Two studies published by the researchers in Nature Medicine early this year report on how similar technology can be used to track disease progression in two rare genetic diseases. Friedreich’s ataxia, or FA, is caused by a specific change in the DNA of the affected individual, which results in progressive impairments in the movement, coordination, speech and eventually, heart disease. Similarly, Duchenne Muscular Dystrophy (DMD) is also a genetic disease that results in continued worsening of movement and strength over time, leading to a shortened life expectancy. Research into drugs that can be used to treat FA and DMD is a long process as clinical assessment of patients is subjective and often variable. 

The two ground-breaking studies report on their use of motion-capture suit technology to measure the disease progression of individuals with FA and DMD through the assessment of movement, coordination and strength. They measured Activities of Daily Life (ADL) to understand objectively how the disease is impacting the patients in their day-to-day movements and activities. The researchers found that use of the novel technology could accurately predict the disease trajectory of patients with FA and DMD and could be used to shorten the length of studies when testing out new drugs and treatments. 

This innovative and forward-thinking technology in medicine could pave the way for many more advancements in a field traditionally difficult to study. 

Interstellar – Helena Da Costa

Christopher Nolan’s 2014 film Interstellar offers far more than visually-stunning CGI synonymous with other science-fiction productions. Applying contemporary astrophysics to tell a story of wormholes, time travel, and five-dimensional universes, Interstellar’s extensive research team (led by physicist Kip Thorne) encourages the audience to imagine such environments to be real, even if their existence remains fiction. For instance, wormholes, allowing immediate travel across millions of light years, are the product of fast-rotating large black holes, whose spin and size open a doorway between two areas in the universe. In theory, this could exist. However, the aim was not to prove the reality of Interstellar, but to open up the possibility for such places to exist to a widespread audience, demonstrating how extraordinary the universe is and presenting new avenues in the search for ET. For example, the habitability of ‘Miller’s planet’ in the film is unusual: there is no star. Heat and light are obtained instead from an accretion disk – ring of hot, bright gas spinning round supermassive black holes such as Interstellar’s ‘Gargantua’. Despite some artistic license, accretion disks have been photographed as largely resembling Interstellar’s spinning ring of fire.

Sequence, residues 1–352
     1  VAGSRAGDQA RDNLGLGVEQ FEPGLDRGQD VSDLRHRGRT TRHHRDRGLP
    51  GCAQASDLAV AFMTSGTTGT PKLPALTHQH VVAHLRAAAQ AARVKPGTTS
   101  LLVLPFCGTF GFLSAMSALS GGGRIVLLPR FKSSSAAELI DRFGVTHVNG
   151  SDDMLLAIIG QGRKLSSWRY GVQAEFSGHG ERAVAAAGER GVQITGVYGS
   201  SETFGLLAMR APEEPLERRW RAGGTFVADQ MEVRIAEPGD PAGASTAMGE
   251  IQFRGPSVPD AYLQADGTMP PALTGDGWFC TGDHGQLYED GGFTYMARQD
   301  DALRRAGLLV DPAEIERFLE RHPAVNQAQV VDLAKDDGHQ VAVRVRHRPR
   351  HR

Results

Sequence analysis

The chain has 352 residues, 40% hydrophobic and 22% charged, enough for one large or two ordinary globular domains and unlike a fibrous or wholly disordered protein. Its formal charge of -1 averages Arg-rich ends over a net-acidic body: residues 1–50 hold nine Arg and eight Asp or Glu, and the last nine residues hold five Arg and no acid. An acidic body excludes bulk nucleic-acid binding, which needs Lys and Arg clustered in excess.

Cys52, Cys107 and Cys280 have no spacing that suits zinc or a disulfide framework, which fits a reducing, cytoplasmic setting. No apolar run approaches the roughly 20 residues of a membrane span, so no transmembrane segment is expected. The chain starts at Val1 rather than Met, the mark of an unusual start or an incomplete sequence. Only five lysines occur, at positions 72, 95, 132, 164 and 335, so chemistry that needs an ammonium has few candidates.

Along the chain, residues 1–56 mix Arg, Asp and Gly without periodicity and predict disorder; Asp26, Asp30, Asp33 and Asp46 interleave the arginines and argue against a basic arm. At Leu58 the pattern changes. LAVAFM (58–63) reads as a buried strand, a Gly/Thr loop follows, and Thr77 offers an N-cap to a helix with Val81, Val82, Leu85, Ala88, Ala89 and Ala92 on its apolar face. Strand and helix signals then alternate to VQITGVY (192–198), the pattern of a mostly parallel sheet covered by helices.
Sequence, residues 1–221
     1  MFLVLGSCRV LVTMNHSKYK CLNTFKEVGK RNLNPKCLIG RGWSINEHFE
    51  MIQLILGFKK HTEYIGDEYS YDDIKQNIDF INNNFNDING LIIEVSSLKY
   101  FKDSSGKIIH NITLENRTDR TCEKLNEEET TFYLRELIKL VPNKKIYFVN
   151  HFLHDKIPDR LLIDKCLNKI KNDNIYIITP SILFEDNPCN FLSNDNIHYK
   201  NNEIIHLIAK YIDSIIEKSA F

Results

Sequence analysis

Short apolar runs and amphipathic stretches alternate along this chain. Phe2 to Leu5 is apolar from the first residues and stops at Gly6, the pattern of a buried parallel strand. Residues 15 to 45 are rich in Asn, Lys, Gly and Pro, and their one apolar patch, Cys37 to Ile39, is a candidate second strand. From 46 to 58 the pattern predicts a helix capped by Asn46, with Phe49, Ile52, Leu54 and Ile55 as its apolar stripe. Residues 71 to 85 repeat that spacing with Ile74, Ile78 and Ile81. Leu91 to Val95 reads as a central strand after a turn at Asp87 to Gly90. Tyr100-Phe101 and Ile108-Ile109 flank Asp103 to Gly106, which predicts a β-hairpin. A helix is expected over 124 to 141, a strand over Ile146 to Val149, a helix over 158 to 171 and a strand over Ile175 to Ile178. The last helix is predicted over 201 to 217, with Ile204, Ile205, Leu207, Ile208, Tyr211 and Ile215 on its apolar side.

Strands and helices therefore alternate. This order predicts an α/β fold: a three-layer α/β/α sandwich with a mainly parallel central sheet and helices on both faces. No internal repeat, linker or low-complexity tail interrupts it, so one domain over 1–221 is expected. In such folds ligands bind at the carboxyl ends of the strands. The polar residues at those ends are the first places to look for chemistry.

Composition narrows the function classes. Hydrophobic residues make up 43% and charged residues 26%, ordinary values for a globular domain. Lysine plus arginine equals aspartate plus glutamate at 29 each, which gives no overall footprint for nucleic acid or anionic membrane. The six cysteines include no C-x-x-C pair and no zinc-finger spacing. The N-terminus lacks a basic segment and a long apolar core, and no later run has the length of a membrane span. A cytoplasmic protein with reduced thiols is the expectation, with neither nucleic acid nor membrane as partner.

Interstellar is not entirely a blockbuster-tribute to astrophysical imagination, but to more earth-bound sciences too

However, Interstellar is not entirely a blockbuster-tribute to astrophysical imagination, but to more earth-bound sciences too. In this way, the fantastical ideas indicate a moral undertone: if Interstellar is the dystopia, where is the utopia? The Mad Max-style wasteland on Earth suggests it is now. Consequently, Interstellar inspires us to celebrate the wonders of space and Earth in the same light, promoting its salvation before Interstellar truly becomes a reality.

Her – James Evenden

As evolving technologies delve deeper into the realm of the uncanny, I think the most interesting implications this has are the human ones. What does AI companionship mean for humans? There are few films that ask this question than Spike Jonze’s Her (2013). One key detail that both Her and real life stress, when it comes to the nuances of human emotion, is that technology encountering them is likely to be a complicated issue. Professor of Artificial Intelligence Björn Schuller at Imperial College London says that the technology seen in Her already exists, emotional support robots are being used in care homes for example. Her ultimately attests that whilst these technologies are valuable for helping us understand ourselves, there is a definitive boundary between humans and AI that has to be kept separate.